We treat the term, the unconscious, as a place or thing when, in reality, sometimes we’re just not conscious. During that time, we’re unconscious. Not very hard to understand, but lots of people who are interested in the human mind, and especially Jungian and post-Jungian psychology, make this mistake. In fact, some seem to speak of the unconscious as a divine entity, even capitalizing the word and attributing all sorts of powers to it.
Unconsciousness is simply a lack of consciousness. For example, I am trying to remember the name of someone I went to school with when I was a child. I can see her face clearly in the imagination, but I am unconscious of what her name is. I don’t remember her name. But, if I think of her face for awhile, the name usually comes to me. Does this mean that lost memories are stored in a compartment of the mind called the unconscious? No, it simply means I was momentarily unconscious of the name. There is no sense in reifying the concept. It is not a metaphor for Soul. It’s just a concept.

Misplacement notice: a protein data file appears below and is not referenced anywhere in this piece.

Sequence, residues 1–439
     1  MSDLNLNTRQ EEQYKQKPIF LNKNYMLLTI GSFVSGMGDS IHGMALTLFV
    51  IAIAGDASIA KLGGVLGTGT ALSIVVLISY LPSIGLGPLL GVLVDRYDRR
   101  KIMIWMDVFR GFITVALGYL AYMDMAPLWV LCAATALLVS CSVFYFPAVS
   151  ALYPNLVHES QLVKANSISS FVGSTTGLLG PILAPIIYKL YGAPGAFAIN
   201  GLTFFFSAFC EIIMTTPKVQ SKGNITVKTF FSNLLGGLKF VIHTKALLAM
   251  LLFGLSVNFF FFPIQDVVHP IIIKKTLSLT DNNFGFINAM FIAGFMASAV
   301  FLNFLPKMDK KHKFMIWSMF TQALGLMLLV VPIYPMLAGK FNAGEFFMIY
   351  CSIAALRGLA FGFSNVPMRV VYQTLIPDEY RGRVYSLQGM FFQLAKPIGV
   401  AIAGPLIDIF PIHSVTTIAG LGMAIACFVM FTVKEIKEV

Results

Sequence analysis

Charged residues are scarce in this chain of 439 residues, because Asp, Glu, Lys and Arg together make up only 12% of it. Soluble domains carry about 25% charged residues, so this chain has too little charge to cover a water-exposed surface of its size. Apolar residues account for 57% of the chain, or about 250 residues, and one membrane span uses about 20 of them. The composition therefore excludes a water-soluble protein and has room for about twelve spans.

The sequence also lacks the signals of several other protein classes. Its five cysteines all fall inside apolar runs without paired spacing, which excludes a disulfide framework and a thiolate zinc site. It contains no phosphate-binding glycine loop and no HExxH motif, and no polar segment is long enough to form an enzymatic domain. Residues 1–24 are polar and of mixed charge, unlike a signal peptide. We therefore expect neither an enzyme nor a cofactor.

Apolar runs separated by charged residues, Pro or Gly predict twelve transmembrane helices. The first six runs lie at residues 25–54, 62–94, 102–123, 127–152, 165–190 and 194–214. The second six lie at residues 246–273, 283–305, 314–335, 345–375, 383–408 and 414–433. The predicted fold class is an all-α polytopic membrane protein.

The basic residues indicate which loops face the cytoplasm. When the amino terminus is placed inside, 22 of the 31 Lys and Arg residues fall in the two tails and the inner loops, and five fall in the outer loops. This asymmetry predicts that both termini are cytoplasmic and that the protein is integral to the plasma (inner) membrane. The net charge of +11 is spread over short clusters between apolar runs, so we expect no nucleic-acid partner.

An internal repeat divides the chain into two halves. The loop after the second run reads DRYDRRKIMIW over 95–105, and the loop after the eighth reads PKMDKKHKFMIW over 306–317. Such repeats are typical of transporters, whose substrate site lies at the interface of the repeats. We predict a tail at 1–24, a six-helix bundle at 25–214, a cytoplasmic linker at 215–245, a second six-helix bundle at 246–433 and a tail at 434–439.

Consciousness and unconsciousness are not oppositional. In our experience, they walk hand-in-hand.
In today’s language, we cannot be conscious without at the same time being unconscious; the unconscious is always present, just as the past is always present. To say it another way: we cannot will (voluntas) or love (amor) or form a notion (notitia) or understanding (intelligentsia) without imaginal fantasies going on simultaneously. So, we never cease projecting. We are dreaming all the time (James Hillman, The Myth Of Analysis, p 177).
Imaginal fantasies are the bases for memory. I was always a good speller. It is because I can see the words in my mind as pictures. There is a remarkable relationship between unconsciousness and memory. We remember by seeing the memory as an image in the mind. It seems that Memory and Soul have much in common.
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